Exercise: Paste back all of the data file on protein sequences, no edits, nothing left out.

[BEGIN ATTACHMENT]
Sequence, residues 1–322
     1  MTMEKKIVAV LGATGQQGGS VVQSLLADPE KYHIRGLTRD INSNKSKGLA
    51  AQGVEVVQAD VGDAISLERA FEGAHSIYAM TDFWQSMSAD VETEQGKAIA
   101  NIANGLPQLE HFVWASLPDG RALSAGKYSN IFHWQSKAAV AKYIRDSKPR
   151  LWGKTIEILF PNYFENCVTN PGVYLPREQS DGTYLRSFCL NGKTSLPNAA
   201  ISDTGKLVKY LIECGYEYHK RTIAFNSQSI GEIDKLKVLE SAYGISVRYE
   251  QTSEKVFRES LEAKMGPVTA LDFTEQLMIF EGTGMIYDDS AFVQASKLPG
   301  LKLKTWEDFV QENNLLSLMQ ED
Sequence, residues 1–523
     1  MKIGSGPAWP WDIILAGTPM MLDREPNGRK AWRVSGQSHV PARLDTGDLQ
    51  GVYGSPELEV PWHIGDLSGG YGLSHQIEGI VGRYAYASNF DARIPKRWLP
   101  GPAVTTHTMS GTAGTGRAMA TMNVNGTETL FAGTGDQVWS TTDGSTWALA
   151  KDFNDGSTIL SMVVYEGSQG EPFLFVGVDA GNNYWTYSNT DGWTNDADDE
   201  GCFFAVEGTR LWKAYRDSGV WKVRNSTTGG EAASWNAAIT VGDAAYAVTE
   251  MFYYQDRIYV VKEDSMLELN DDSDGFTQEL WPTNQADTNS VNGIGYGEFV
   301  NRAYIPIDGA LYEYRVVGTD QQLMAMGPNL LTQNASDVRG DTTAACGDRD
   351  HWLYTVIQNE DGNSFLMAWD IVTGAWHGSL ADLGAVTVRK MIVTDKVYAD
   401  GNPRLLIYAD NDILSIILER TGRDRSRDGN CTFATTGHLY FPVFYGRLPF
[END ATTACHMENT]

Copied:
Sequence, residues 1–322
     1  MTMEKKIVAV LGATGQQGGS VVQSLLADPE KYHIRGLTRD INSNKSKGLA
    51  AQGVEVVQAD VGDAISLERA FEGAHSIYAM TDFWQSMSAD VETEQGKAIA
   101  NIANGLPQLE HFVWASLPDG RALSAGKYSN IFHWQSKAAV AKYIRDSKPR
   151  LWGKTIEILF PNYFENCVTN PGVYLPREQS DGTYLRSFCL NGKTSLPNAA
   201  ISDTGKLVKY LIECGYEYHK RTIAFNSQSI GEIDKLKVLE SAYGISVRYE
   251  QTSEKVFRES LEAKMGPVTA LDFTEQLMIF EGTGMIYDDS AFVQASKLPG
   301  LKLKTWEDFV QENNLLSLMQ ED
Sequence, residues 1–523
     1  MKIGSGPAWP WDIILAGTPM MLDREPNGRK AWRVSGQSHV PARLDTGDLQ
    51  GVYGSPELEV PWHIGDLSGG YGLSHQIEGI VGRYAYASNF DARIPKRWLP
   101  GPAVTTHTMS GTAGTGRAMA TMNVNGTETL FAGTGDQVWS TTDGSTWALA
   151  KDFNDGSTIL SMVVYEGSQG EPFLFVGVDA GNNYWTYSNT DGWTNDADDE
   201  GCFFAVEGTR LWKAYRDSGV WKVRNSTTGG EAASWNAAIT VGDAAYAVTE
   251  MFYYQDRIYV VKEDSMLELN DDSDGFTQEL WPTNQADTNS VNGIGYGEFV
   301  NRAYIPIDGA LYEYRVVGTD QQLMAMGPNL LTQNASDVRG DTTAACGDRD
   351  HWLYTVIQNE DGNSFLMAWD IVTGAWHGSL ADLGAVTVRK MIVTDKVYAD
   401  GNPRLLIYAD NDILSIILER TGRDRSRDGN CTFATTGHLY FPVFYGRLPF